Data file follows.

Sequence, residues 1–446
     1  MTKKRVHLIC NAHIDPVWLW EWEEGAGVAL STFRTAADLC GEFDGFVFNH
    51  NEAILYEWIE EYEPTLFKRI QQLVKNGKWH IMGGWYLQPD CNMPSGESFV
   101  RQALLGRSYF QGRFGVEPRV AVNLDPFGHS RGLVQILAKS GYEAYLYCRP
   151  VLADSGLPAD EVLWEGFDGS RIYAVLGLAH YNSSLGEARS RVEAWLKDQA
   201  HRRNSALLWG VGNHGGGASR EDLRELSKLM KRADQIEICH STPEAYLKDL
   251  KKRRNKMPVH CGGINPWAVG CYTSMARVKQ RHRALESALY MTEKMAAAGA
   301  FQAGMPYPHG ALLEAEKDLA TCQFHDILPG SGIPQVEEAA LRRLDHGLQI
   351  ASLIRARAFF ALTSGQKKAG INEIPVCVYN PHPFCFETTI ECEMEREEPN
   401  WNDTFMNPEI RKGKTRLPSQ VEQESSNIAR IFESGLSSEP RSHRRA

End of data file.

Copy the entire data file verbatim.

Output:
Sequence, residues 1–446
     1  MTKKRVHLIC NAHIDPVWLW EWEEGAGVAL STFRTAADLC GEFDGFVFNH
    51  NEAILYEWIE EYEPTLFKRI QQLVKNGKWH IMGGWYLQPD CNMPSGESFV
   101  RQALLGRSYF QGRFGVEPRV AVNLDPFGHS RGLVQILAKS GYEAYLYCRP
   151  VLADSGLPAD EVLWEGFDGS RIYAVLGLAH YNSSLGEARS RVEAWLKDQA
   201  HRRNSALLWG VGNHGGGASR EDLRELSKLM KRADQIEICH STPEAYLKDL
   251  KKRRNKMPVH CGGINPWAVG CYTSMARVKQ RHRALESALY MTEKMAAAGA
   301  FQAGMPYPHG ALLEAEKDLA TCQFHDILPG SGIPQVEEAA LRRLDHGLQI
   351  ASLIRARAFF ALTSGQKKAG INEIPVCVYN PHPFCFETTI ECEMEREEPN
   401  WNDTFMNPEI RKGKTRLPSQ VEQESSNIAR IFESGLSSEP RSHRRA